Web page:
“Modernity is unaccustomed to regarding political theory as mythological in character. The modern state is, however, founded on certain stories of nature and human nature, the origins of human conflict, and the remedies for such conflict in the enactment of the state itself. In this essay I will read these stories against the Christian stories of creation, fall, and redemption, and argue that both ultimately have the same goal: salvation of humankind from the divisions which plague us. The modern state is best understood, I will attempt to show, as a source of an alternative soteriology to that of the Church. Both soteriologies pursue peace and an end to division by the enactment of a social body; nevertheless I will argue that the body of the state is a simulacrum, a false copy, of the Body of Christ. On the true Body of Christ depends resistance to the state project. The Eucharist, which makes the Body of Christ, is therefore a key practice for a Christian anarchism.” (182)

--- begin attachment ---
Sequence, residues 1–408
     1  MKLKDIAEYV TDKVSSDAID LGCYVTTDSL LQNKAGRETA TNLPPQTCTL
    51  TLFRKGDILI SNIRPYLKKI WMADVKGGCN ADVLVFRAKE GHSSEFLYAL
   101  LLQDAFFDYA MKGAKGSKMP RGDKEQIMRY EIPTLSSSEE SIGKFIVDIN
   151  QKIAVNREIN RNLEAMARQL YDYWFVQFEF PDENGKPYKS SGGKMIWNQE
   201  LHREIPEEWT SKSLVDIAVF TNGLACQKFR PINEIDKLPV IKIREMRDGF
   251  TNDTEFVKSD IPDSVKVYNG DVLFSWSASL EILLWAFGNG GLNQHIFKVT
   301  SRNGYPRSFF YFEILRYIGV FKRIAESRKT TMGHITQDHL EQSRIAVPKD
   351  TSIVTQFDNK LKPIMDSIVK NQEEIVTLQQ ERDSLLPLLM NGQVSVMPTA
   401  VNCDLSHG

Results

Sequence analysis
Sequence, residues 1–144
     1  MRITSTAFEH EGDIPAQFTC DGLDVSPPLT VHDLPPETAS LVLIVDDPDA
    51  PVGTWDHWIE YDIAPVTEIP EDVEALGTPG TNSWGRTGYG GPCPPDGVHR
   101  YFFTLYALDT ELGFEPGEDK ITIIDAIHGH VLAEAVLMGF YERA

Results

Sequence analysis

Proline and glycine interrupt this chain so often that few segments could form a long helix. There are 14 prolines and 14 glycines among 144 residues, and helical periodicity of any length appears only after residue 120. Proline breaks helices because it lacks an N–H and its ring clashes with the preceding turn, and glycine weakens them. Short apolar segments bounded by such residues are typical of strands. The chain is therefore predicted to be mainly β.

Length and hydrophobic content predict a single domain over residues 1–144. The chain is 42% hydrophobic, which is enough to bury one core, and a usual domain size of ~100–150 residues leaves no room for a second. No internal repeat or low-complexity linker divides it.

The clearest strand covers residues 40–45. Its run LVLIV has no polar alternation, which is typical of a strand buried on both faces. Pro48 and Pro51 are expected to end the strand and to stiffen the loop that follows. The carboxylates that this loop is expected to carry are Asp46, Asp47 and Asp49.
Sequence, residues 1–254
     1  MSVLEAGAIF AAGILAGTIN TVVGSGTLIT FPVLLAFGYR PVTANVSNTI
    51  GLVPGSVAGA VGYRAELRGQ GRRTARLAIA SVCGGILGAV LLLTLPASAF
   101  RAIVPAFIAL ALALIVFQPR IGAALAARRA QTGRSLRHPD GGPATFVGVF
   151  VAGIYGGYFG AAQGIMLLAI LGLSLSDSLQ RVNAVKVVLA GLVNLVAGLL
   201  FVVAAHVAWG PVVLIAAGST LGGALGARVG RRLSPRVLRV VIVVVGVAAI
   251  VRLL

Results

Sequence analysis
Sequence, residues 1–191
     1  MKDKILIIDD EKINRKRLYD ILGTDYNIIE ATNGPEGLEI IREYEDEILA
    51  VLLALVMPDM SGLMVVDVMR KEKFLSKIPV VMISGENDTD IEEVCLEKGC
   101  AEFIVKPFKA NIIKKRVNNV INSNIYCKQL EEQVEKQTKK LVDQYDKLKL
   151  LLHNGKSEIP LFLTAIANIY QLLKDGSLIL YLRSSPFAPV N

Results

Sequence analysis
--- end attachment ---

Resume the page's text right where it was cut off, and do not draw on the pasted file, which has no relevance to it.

“The dominance of state soteriology has made it perfectly reasonable to drop cluster bombs on ‘foreign’ villages, and perfectly unreasonable to dispute ‘religious’ matters in public.” … “As Raymond Williams and others have argued, war is for the liberal state a simulacrum of the social process, the primary mechanism for achieving social integration in a society with no shared ends. In a word, violence becomes the state’s religio [binding together], it’s habitual discipline for binding us to one another.” (194)
From Cavanaugh, William. “Beyond Secular Parodies.” In Radical Orthodoxy: A New Theology, 182-200. Ed. John Milbank, Catherine Pickstock and Graham Ward. New York: Routledge, 1999.